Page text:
The Policy Board also decided by a unanimous vote to extend a program to spur bank lending by one year and increased the limit of outstanding loans under the program from ¥ 7 trillion to ¥ 10 trillion, while doubling the maximum amount of funds it can offer to each institution under a separate growth program.
Excerpt from the statement by the Bank of Japan:
Japan's economy has continued to recover moderately as a trend, and effects such as those of the decline in demand following the front-loaded increase prior to the consumption tax hike have been waning on the whole. Overseas economies -- mainly advanced economies -- have been recovering, albeit with a lackluster performance still seen in part. In this situation, exports have shown signs of picking up. Business fixed investment has been on a moderate increasing trend as corporate profits have improved. Public investment has more or less leveled off at a high level. Private consumption has remained resilient as a trend with the employment and income situation improving steadily, and the effects of the decline in demand following the front-loaded increase have been waning on the whole. Housing investment, which continued to decline following the front-loaded increase, has recently started to bottom out. Against the backdrop of these developments in demand both at home and abroad, industrial production has started to bottom out, due in part to the progress in inventory adjustments. Meanwhile, financial conditions are accommodative. On the price front, the year-on-year rate of increase in the consumer price index (CPI, all items less fresh food), excluding the direct effects of the consumption tax hike, is in the range of 0,5- 1.0 percent. Inflation expectations appear to be rising on the whole from a somewhat longer-term perspective.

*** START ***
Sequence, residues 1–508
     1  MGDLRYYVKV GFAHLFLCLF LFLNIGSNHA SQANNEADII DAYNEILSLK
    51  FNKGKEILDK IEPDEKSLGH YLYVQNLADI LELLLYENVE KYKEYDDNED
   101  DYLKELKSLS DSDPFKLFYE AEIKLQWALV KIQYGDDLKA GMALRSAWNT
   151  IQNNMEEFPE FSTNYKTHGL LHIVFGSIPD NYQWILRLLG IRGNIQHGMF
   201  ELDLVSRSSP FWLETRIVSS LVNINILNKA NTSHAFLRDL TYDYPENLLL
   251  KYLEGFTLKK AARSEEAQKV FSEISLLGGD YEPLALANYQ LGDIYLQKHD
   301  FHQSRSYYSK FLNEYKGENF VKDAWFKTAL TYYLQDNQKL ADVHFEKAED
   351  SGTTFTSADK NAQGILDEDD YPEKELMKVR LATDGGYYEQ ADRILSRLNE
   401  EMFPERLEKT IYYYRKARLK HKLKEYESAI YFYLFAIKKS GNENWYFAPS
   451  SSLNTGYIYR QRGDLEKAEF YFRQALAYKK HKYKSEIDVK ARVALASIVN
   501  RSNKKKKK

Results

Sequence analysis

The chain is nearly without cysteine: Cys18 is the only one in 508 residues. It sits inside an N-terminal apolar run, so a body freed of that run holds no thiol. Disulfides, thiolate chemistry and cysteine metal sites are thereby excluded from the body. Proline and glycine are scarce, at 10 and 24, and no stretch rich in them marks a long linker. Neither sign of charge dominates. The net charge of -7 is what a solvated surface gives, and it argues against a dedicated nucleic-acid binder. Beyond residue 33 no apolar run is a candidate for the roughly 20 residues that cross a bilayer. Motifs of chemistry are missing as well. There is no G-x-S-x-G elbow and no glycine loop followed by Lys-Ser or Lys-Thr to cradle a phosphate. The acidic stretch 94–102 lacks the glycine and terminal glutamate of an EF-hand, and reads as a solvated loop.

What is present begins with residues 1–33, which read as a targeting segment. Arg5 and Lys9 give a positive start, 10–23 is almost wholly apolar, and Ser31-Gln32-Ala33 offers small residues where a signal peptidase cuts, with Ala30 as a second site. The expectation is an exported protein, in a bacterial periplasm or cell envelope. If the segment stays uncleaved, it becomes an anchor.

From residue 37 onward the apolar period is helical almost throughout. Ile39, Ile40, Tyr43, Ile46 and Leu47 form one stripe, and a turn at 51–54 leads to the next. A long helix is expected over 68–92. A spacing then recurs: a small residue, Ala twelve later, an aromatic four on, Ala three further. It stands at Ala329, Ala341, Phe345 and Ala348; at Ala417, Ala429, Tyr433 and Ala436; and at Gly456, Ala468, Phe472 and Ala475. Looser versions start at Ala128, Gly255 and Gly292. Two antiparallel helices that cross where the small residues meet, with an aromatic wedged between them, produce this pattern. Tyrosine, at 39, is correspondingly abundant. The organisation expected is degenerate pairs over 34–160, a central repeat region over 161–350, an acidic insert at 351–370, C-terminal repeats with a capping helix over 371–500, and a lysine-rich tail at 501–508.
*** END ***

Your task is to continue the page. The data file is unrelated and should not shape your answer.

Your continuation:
With regard to the outlook, Japan's economy is expected to continue its moderate recovery trend, and the effects such as those of the decline in demand following the front-loaded increase prior to the consumption tax hike are expected to dissipate. The year-on-year rate of increase in the CPI is likely to slow for the time being, reflecting the decline in energy prices.
Compared with the forecasts presented in the October 2014 Outlook for Economic Activity and Prices, the growth rate will likely be lower for fiscal 2014, but will likely be higher for fiscal 2015 and 2016. With regard to the CPI, the outlook for the underlying trend remains unchanged, but the year-on-year rate of increase will likely be lower toward fiscal 2015, due to the significant decline in crude oil prices. The rate of increase for fiscal 2016 will likely be more or less unchanged from the October forecast.
Risks to the outlook include developments in the emerging and commodity-exporting economies, the prospects regarding the debt problem and the risk of low inflation rates being protracted in Europe, and the pace of recovery in the U.S. economy.
Quantitative and qualitative monetary easing (QQE) has been exerting its intended effects, and the Bank will continue with the QQE, aiming to achieve the price stability target of 2 percent, as long as it is necessary for maintaining that target in a stable manner. It will examine both upside and downside risks to economic activity and prices, and make adjustments as appropriate.